The leaning tower of Pisa is famous throughout the world and Jerome had wanted to see it for real for a while. I looked into visiting Pisa and found that most visitors stay in Naples and then make a day trip from there to see the tower, however, I knew that if we were going to stay in Naples we would not make it to Pisa as a weekend trip would be too short to see both towns. Instead I booked hotel San Ranieri on the outskirts of Pisa and hired a car for the time of our stay. The hotel was modern and quite cool, we had a lovely room with a spare bed for Jerome and generous breakfast was included in the rate. Direct flights to Pisa helped and reduced the travel for the weekend too.
With a late landing flight we got up on Saturday morning, just in time to have a lazy hotel breakfast. We then drove in our little washing machine on wheels, as the Brits used to call the old Fiat 500, to the car park across from Palazzo dei Congressi, where we could leave the car all day for just a few Euros (make sure you have some change with you). The early spring weather was not as pleasant as we had hoped for, but it did not rain and a thin jacket was enough to keep us warm for this early spring visit. We walked across the river Arno, which flows through Pisa before reaching the sea a few kilometres downriver.
With my penchant for modern art I desperately wanted to see the mural by Keith Haring before visiting the leaning tower. This was the first stop on our route into town. We passed through streets of apartment blocks, before reaching the Piazza di Vittorio Emanuele II. The square had a statue in its midst but I did not pay attention to this as right next to it was the mural by Keith Haring, which covered the entire side of a apartment building. Keith Haring was a child of Pop Art and all his artwork has its own signature. He took inspiration from the Mayan’s, Japanese pictographs and comic books. His art is fun to look at and always very colourful. Jerome liked the animals on the graffiti the most. Sadly Keith Haring died at the young age of 31 in 1990 of Aids but not before establishing a foundation for children with Aids, which to this day still supports other organizations.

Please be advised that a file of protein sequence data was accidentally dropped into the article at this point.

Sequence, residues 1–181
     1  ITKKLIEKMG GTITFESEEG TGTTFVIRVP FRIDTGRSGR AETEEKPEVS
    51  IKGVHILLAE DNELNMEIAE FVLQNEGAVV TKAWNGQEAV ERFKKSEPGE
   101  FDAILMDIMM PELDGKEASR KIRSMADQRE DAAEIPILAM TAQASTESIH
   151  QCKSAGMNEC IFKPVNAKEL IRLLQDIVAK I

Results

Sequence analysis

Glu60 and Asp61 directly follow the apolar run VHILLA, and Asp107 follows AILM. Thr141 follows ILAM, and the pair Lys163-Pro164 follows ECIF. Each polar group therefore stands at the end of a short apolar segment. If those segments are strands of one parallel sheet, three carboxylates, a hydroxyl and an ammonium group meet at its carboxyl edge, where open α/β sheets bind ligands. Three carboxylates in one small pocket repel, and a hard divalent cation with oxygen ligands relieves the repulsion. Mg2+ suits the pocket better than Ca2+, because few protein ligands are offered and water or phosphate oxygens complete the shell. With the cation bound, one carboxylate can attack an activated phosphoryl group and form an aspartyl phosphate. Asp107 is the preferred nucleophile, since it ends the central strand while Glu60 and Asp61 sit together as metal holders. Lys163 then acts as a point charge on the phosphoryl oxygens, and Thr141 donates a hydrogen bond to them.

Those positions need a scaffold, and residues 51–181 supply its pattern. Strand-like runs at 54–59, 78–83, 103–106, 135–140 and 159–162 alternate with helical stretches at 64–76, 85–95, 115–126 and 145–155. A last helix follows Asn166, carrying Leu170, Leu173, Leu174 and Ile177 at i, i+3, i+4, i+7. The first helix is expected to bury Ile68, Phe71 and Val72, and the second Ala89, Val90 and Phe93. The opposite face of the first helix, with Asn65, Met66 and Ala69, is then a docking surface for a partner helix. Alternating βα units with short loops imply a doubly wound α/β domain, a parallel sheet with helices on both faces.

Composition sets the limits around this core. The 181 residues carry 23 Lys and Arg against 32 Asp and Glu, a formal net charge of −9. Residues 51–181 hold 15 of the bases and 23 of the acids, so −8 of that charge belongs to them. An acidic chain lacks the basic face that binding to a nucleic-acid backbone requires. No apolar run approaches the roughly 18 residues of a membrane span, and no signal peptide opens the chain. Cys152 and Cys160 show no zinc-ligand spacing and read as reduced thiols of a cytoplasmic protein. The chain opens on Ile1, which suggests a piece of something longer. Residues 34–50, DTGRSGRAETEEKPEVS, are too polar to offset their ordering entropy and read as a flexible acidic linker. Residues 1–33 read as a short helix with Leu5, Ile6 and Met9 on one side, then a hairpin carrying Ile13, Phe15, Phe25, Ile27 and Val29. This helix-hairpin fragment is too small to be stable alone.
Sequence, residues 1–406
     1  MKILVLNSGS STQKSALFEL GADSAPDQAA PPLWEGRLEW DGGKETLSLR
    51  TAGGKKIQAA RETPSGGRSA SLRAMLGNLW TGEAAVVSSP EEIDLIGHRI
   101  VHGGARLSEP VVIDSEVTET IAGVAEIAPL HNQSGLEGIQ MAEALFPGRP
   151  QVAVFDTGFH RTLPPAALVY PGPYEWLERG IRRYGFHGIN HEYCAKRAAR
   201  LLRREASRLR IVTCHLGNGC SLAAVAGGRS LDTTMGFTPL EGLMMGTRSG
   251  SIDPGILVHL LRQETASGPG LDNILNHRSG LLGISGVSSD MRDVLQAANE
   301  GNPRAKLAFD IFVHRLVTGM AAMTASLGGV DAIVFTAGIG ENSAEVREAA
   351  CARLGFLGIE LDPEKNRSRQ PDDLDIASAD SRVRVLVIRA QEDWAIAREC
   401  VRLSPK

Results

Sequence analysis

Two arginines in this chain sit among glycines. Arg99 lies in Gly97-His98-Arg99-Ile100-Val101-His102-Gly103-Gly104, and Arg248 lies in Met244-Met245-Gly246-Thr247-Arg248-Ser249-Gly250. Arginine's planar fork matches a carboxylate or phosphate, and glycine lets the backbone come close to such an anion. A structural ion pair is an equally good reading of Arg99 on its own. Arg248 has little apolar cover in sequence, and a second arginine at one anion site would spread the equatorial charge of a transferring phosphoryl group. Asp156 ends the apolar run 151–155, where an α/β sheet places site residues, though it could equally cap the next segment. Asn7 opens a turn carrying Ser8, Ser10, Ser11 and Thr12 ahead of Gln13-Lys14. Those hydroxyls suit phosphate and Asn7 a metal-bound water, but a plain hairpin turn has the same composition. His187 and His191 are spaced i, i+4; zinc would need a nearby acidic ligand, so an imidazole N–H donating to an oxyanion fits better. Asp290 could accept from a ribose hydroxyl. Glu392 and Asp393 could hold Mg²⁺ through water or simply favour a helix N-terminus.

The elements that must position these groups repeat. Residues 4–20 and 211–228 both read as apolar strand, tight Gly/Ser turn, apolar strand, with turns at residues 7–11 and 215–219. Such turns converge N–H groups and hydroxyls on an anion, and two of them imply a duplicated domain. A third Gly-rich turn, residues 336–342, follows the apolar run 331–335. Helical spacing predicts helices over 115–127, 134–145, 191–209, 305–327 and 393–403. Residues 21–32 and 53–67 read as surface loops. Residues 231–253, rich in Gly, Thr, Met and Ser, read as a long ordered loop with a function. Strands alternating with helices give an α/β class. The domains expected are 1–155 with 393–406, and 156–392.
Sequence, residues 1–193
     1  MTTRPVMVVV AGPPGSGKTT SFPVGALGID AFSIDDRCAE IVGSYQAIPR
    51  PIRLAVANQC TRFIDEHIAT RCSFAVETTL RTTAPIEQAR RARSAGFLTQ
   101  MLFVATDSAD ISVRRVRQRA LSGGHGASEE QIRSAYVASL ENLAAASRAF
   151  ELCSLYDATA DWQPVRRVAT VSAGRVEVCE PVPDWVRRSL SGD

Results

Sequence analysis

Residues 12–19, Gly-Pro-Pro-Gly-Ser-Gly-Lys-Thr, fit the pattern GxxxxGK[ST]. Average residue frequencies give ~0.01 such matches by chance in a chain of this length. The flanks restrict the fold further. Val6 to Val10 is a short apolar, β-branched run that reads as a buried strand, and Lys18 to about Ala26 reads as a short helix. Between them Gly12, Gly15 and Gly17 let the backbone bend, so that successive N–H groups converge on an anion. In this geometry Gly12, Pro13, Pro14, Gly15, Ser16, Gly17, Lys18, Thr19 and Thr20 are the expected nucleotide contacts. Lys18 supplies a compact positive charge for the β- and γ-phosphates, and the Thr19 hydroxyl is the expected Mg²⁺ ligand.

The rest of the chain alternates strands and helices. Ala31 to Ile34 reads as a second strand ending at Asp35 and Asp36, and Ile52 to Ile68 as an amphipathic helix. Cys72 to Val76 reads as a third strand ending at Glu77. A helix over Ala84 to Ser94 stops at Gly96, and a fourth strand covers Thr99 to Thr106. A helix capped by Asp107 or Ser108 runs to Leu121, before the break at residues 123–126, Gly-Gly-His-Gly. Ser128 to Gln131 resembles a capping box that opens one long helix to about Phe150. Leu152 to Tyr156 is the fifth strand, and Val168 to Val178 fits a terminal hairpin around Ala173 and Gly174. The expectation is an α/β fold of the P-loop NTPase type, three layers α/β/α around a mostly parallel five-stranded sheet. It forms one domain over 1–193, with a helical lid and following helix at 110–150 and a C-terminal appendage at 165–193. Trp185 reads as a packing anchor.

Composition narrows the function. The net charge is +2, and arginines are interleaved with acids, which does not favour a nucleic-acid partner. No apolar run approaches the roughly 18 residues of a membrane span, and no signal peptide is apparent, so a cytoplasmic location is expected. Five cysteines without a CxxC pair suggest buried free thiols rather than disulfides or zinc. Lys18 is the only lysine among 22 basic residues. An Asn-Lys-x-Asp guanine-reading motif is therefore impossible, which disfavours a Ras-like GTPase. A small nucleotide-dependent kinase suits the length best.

We walked on through a narrow pedestrian alley, lined with small shops. It was a busy Saturday morning with many shoppers around. We went into the odd shop that took our fancy, there were plenty of the usual chain stores around but we avoided these choosing the more quirky and local places. At the end of the shopping street we turned right before the river and visited a chocolate shop, San Martino 82, which not only sold its own chocolate but we were also able to watch them make their fine pralines and bars in the back of the store. We were also able to try some of their delicious chocolate and Jerome got an Easter egg for his grandma. We chatted to the friendly staff for a while and they recommended Restaurant Galileo, a few houses down the road to us as an inexpensive and authentic place for lunch. Instead of walking on and looking for a restaurant closer to the tower we got one of the tables with its green-white checked covers and had their excellent set lunch menu before heading deeper into the town.
We crossed the river again at Ponte di Mezzo, which gave us a beautiful view of the houses lining the river on both sides and Jerome immediately spotted an ice cream parlour. There is nothing better than proper Italian Gelati, even better as De’ Coltelli uses organic ingredients and no artificial substances in their ice cream. Chris and Jerome had a gigantic cone each, while I enjoyed my single scoop of sorbet. Besides the standard ice cream flavours they had unusual ones like wasabi and sheep’s cheese with olives.
We strolled on towards into the direction of the tower, ice cream in hand. Instead of heading for the obvious route down the pedestrian zone we turned left into the side streets of the quarter. After a few blocks we stumbled onto the botanical garden. Chris has always been a huge fan of gardens and plants, while Jerome usually likes running around along the paths between the flowerbeds. We discovered that the Orto di Botanico di Pisa was the first university biological garden in Europe. It was founded by the legendary botanist Luca Ghini of Imola to study plants drying them first in order to then be able to draw and study them during the winter season. There was a green house with plant seedlings, many flower beds, some ponds (with an incredible selection of water plants, some of them endangered) and fountains, plus some ancient trees and shrubs.
Spring was already visible here, the camellias were in blooms, as was a magnificent Wisteria or what the Germans call purple rain, which had grown up into a tall tree. Jerome liked the bamboo grove reminding him of Japan.
There also was the most amazing house, completely covered in shells, unlike anything we had seen before of its kind. The museum at the garden houses a Pharaonic collection from ancient Egyptian tombs, which we did not see as we were conscious of the time and wanted to move on to the Leaning Tower of Pisa, after all this was the main reason for our visit.
You will be able to read all about our climb to the top of the tower and the rest of our visit to this wonderful Italian town in our next post.